Then there is the spent fuel rods. the Uranium gives us electricity by giving off electrons and heating up water, but eventually, enough of the fuel will have broken down from Uranium into Plutonium to not be useful anymore and will need to be replaced. Of course, then we are left with radioactive Plutonium mixed in with some remaining U-235.

If we use more nuclear energy, we generate more waste which is very dangerous and difficult and expensive to dispose of well. There is no doubt that we have problems with emissions from the burning of fossil fuels and this is contributing to ecological problems. But to say that nuclear power is the solution because it gives off solid waste and not fumes is like saying that you'd prefer someone take a dump in your livingroom because you don't like the way it smells when he passes gas.

All of this, of course, does not even begin to touch on the eventuality of a Three Mile Island/Chernobyl style accident or terrorist attack on a facility. With other alternative ways of generating energy and needing to find more ways to limit our energy use, nuclear just seems like a really bad idea.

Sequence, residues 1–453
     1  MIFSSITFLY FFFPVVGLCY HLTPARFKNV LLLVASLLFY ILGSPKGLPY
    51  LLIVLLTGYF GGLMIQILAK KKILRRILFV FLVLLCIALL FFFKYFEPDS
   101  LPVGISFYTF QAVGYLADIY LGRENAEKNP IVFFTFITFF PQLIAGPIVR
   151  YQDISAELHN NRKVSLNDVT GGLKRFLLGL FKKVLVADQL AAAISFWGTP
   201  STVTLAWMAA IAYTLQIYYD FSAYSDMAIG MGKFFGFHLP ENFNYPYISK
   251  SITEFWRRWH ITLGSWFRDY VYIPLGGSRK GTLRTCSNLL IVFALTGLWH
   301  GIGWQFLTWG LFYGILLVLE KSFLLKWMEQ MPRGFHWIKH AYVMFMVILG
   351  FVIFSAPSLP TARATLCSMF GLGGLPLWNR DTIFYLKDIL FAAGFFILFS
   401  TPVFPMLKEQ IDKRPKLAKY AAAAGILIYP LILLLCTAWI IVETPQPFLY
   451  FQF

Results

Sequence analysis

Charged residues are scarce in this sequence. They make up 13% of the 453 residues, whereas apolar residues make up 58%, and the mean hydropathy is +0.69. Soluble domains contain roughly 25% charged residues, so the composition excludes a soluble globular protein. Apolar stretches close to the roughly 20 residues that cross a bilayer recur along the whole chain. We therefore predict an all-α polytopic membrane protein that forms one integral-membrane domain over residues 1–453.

Second question: Why didn't we read Wittgenstein in Language, Truth, and Reality? Um, the rest of us did...I'll admit not a lot, though, so it would be easy to forget. I only look at the section of Philosophical Investigations that looks at names, the Moses section (sections 60-64). Wittgenstein launched much of what is argued on most sides of most debates in the field, so a philosophy of language class could be very heavy of Wittgenstein, looking at his insights and tracing out the arguments that came from them, or you could teach it as I do, looking at the debates post-Wittgenstein. So when we read Kripke, Searle, Austin, and most others, the Wittgenstein was in there, we jumped ahead to how it played out instead of tracing it from him. When you have but 13 weeks and an entire field (and a difficult one at that) to introduce, you have to make choices, and scaling back the Wittgenstein in favor of more contemporary pieces was the choice I made.